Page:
METHODS - HIV-infected adults in care between 1985-2014 at participating sites in the Latin America (the Caribbean, Central and South America network (CCASAnet)) and the Vanderbilt Comprehensive Care Clinic (VCCC) and who had CM were included. Survival probabilities were estimated. Risk of death when initiating ART within the first 2 weeks after CM diagnosis versus initiating between 2-8 weeks was assessed using dynamic marginal structural models adjusting for site, age, sex, year of CM, CD4 count, and route of HIV transmission.
FINDINGS - 340 patients were included (Argentina 58, Brazil 138, Chile 28, Honduras 27, Mexico 34, VCCC 55) and 142 (42%) died during the observation period. Among 151 patients with CM prior to ART 56 (37%) patients died compared to 86 (45%) of 189 with CM after ART initiation (p=0.14). Patients diagnosed with CM after ART had a higher risk of death (p=0.03, log-rank test). The probability of survival was not statistically different between patients who started ART within 2 weeks of CM (7/24, 29%) vs. those initiating between 2-8 weeks (14/53, 26%) (p=0.96), potentially due to lack of power.
INTERPRETATION - In this large Latin-American cohort, patients with CM had very high mortality rates, especially those diagnosed after ART initiation. This study reflects the overwhelming burden of CM in HIV-infected patients in Latin America.
Copyright © 2017 The Author(s). Published by Elsevier Ltd.. All rights reserved.
BACKGROUND - HIV-associated neurocognitive disorder (HAND) remains common, despite antiretroviral therapy (ART). HIV dysregulates iron metabolism, but cerebrospinal fluid (CSF) levels of iron and iron-transport proteins in HIV-infected (HIV+) persons are largely unknown. The objectives of this study were to characterize CSF iron-related biomarkers in HIV+ adults and explore their relationships to known predictors of HAND.
METHODS - We quantified total iron, transferrin and heavy-chain (H)-ferritin by immunoassay in CSF sampled by lumbar puncture in 403 HIV+ participants in a multi-center, observational study and evaluated biomarker associations with demographic and HIV-related correlates of HAND [e.g., age, sex, self-reported race/ethnicity, ART, and detectable plasma virus and CSF viral load (VL)] by multivariable regression. In a subset (N = 110) with existing CSF: serum albumin (Q) measurements, Q and comorbidity severity were also included as covariates to account for variability in the blood-CSF-barrier.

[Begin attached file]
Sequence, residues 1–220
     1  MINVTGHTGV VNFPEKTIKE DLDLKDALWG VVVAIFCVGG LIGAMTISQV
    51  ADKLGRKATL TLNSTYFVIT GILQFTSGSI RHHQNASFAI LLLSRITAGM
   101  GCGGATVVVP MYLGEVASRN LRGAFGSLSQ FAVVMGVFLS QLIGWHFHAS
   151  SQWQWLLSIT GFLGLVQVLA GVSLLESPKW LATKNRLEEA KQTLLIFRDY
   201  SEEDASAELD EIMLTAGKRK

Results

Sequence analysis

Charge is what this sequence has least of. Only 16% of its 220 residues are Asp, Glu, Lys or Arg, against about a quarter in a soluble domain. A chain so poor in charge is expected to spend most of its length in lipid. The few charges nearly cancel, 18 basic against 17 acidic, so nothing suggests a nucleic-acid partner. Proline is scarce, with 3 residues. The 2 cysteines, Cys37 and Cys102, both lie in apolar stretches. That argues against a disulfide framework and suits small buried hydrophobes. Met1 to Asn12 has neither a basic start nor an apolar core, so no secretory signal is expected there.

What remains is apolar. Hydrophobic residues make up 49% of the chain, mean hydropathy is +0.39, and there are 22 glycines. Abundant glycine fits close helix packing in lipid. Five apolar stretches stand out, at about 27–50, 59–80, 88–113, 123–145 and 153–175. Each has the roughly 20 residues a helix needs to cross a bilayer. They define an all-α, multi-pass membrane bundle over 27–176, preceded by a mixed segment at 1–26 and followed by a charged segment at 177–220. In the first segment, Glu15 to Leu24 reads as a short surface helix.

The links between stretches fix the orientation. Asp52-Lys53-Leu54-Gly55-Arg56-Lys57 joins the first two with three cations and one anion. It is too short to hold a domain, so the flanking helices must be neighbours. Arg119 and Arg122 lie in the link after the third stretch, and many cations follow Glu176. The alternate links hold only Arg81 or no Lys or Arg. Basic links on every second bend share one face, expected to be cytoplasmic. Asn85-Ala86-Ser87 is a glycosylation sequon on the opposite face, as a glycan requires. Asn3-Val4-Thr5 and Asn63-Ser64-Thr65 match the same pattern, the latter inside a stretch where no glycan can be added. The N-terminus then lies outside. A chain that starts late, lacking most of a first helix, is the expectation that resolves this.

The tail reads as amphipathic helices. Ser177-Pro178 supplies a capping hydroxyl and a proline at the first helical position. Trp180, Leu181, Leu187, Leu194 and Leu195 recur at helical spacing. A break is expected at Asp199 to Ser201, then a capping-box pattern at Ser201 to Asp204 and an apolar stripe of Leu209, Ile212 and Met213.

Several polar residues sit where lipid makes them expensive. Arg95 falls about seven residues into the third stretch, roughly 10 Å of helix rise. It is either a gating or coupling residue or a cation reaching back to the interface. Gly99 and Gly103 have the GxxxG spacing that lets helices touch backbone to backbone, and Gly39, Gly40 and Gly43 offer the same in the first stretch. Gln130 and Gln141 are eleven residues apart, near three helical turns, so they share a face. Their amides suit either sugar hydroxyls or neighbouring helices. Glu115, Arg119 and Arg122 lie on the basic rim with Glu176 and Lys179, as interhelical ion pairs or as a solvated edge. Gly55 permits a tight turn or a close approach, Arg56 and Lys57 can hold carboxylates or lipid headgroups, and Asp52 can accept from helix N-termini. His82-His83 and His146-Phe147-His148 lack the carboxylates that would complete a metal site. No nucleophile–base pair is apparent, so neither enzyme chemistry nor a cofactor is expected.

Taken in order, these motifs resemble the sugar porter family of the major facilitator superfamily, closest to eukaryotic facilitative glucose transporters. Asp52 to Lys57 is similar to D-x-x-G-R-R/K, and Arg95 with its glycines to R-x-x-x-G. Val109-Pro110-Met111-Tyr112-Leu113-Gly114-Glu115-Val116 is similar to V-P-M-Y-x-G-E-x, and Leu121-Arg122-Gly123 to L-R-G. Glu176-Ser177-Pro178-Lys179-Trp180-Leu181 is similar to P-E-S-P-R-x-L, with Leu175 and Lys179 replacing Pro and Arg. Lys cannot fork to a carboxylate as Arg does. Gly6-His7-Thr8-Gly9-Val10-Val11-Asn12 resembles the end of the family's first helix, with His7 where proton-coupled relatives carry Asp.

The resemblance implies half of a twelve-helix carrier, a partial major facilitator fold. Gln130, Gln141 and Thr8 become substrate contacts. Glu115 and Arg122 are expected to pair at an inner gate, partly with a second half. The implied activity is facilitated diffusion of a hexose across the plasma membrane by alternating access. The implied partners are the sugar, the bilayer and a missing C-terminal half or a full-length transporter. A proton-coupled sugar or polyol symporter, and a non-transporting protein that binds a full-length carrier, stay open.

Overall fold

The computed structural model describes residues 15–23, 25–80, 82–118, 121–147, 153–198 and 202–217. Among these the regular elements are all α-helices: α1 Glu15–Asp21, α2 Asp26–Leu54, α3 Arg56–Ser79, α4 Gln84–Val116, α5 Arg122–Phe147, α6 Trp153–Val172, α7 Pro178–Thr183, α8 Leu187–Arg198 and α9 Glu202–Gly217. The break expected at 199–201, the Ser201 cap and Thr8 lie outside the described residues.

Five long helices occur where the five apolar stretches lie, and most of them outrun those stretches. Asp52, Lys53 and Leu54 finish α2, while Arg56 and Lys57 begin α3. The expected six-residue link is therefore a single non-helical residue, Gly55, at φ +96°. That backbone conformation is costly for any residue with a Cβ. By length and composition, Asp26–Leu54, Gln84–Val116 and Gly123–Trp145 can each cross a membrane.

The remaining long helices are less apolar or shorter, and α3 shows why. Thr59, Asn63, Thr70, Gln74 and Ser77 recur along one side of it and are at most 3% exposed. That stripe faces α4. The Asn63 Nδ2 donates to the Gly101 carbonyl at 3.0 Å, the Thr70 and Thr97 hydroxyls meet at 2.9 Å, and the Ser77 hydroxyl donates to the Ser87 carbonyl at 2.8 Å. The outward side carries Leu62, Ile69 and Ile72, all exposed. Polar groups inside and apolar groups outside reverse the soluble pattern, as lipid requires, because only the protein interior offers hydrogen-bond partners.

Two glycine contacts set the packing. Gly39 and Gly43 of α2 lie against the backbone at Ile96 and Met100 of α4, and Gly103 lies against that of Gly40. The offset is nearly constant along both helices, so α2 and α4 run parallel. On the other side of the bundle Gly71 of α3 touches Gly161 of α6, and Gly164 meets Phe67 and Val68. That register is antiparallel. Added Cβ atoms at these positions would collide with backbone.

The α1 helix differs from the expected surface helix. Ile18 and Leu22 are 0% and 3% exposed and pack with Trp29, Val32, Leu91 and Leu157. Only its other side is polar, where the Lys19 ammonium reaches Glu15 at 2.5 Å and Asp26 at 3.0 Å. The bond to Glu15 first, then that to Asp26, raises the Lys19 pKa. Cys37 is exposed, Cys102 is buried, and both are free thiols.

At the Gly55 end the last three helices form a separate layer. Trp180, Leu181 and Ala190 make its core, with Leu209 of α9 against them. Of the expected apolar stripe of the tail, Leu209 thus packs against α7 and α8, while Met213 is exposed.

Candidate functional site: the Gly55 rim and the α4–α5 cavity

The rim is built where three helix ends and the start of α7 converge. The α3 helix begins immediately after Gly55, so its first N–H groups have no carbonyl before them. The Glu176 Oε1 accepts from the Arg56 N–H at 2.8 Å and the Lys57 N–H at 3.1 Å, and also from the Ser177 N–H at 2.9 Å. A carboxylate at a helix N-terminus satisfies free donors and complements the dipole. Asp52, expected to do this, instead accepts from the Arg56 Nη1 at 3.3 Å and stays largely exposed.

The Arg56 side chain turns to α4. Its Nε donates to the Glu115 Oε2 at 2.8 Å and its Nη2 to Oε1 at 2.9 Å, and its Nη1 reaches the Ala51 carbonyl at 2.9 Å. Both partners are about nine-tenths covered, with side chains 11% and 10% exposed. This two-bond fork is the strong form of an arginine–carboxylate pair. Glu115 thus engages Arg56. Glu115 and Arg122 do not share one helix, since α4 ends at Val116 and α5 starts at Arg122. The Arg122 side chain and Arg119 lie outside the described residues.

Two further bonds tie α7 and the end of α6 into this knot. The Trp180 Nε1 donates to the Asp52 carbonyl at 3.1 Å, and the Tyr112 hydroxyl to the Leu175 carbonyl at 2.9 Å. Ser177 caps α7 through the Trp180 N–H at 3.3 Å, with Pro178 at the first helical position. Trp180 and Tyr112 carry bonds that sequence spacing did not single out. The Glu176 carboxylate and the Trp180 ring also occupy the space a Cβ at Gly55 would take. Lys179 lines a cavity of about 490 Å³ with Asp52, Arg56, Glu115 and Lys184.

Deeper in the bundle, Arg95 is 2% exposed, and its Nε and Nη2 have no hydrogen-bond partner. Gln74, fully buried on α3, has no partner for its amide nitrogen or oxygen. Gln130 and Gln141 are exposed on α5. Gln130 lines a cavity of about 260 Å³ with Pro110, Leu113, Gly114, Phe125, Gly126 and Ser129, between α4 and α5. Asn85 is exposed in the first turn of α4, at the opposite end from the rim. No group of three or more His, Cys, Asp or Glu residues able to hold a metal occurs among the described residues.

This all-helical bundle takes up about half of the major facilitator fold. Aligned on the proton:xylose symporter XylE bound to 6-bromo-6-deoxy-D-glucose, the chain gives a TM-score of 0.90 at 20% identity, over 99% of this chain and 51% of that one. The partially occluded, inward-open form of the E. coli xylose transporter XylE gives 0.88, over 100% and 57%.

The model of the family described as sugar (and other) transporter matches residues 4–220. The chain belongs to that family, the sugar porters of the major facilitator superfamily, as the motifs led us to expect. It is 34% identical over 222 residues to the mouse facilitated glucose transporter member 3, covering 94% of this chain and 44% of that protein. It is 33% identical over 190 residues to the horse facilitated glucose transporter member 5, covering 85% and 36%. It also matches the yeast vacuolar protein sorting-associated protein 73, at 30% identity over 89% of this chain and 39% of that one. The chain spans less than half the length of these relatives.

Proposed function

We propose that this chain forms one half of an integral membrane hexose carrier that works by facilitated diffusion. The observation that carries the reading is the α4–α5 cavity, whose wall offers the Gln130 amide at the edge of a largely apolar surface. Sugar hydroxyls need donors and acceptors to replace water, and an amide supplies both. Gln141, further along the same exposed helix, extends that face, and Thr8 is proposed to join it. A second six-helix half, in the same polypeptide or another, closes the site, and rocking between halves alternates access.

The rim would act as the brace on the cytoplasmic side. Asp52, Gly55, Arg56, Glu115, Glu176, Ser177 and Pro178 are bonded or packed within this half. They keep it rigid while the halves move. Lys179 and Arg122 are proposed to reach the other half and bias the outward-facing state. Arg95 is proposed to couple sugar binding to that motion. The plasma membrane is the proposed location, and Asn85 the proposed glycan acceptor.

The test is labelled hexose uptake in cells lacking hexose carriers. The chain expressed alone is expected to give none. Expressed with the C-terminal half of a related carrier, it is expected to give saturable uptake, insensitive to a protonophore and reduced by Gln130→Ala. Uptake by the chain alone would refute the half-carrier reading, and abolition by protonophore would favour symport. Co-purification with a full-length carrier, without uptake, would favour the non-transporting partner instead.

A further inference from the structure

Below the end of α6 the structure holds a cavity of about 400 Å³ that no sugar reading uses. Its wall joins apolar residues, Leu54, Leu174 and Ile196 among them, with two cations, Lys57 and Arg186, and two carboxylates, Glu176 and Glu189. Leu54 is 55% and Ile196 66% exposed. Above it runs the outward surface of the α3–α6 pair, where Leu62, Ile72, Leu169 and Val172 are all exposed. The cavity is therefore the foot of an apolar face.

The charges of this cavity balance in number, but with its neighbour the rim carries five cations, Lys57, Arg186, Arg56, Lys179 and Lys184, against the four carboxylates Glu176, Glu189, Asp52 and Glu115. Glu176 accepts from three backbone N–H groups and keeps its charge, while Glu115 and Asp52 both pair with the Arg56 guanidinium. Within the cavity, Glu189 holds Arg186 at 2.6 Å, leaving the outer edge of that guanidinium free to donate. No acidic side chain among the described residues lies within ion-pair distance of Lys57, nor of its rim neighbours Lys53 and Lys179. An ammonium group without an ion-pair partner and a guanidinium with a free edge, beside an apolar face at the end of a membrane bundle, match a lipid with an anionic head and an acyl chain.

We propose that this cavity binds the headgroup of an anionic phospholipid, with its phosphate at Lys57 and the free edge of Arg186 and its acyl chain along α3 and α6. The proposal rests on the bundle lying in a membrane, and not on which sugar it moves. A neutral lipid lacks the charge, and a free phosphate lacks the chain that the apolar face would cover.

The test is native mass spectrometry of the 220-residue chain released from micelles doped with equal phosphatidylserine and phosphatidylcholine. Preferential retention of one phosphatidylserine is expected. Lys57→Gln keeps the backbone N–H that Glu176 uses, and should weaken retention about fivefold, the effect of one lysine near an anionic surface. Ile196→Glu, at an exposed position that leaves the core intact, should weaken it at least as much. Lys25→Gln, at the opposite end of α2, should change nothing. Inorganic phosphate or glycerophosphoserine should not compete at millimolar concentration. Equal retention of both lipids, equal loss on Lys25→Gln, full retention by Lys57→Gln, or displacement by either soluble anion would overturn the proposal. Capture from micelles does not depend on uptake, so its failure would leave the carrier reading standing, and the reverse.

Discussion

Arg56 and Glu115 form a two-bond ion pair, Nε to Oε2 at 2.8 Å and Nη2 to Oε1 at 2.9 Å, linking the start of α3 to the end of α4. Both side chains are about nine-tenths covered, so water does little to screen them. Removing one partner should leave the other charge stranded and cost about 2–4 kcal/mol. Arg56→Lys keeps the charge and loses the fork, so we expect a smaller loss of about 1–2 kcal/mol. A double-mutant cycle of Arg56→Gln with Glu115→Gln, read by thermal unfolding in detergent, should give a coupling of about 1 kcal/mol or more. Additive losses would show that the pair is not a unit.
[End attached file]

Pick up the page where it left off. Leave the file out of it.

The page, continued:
RESULTS - Among 403 individuals (median age 43 years, 19% women, 56% non-Whites, median nadir CD4+ T cell count 180 cells/µL, 46% with undetectable plasma virus), men had 25% higher CSF transferrin (median 18.1 vs. 14.5 µg/mL), and 71% higher H-ferritin (median 2.9 vs. 1.7 ng/mL) than women (both p-values ≤0.01). CSF iron was 41% higher in self-reported Hispanics and 27% higher in (non-Hispanic) Whites than in (non-Hispanic) Blacks (median 5.2 and 4.7 µg/dL in Hispanics and Whites, respectively, vs. 3.7 µg/dL in Blacks, both p ≤ 0.01); these findings persisted after adjustment for age, sex, and HIV-specific factors. Median H-ferritin was 25% higher (p < 0.05), and transferrin 14% higher (p = 0.06), in Whites than Blacks. Transferrin and H-ferritin were 33 and 50% higher, respectively, in older (age > 50 years) than in younger persons (age ≤ 35 years; both p < 0.01), but these findings lost statistical significance in subset analyses that adjusted for Q and comorbidity. After these additional adjustments, associations were observed for CSF iron and transferrin with race/ethnicity as well as CSF VL, for transferrin with sex and ART, and for H-ferritin with plasma virus detectability and significant comorbidity (all p < 0.05).
CONCLUSIONS - CSF iron biomarkers are associated with demographic factors, ART, and CSF VL in HIV+ adults. Future studies should investigate a role for CNS iron dysregulation, to which an altered blood-CSF barrier may contribute, in HAND.